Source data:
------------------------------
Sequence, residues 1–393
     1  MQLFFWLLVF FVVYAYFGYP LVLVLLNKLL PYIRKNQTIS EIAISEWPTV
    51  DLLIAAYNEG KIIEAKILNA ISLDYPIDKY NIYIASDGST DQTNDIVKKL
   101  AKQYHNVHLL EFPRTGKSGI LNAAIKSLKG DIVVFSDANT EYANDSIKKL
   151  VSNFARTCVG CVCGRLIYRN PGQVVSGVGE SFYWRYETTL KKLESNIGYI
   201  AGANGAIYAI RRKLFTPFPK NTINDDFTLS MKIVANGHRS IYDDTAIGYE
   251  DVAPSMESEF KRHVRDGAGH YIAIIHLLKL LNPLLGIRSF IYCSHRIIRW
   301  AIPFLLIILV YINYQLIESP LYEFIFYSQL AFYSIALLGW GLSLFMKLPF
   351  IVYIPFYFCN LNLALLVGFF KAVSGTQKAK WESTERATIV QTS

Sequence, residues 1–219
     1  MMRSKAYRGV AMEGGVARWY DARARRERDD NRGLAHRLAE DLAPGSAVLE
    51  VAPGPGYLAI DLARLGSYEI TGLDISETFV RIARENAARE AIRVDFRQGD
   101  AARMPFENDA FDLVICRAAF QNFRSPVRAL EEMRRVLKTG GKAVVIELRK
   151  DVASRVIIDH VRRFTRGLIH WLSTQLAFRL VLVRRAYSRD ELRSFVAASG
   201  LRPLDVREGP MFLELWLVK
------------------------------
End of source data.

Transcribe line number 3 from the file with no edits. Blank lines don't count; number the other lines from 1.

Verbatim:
    51  DLLIAAYNEG KIIEAKILNA ISLDYPIDKY NIYIASDGST DQTNDIVKKL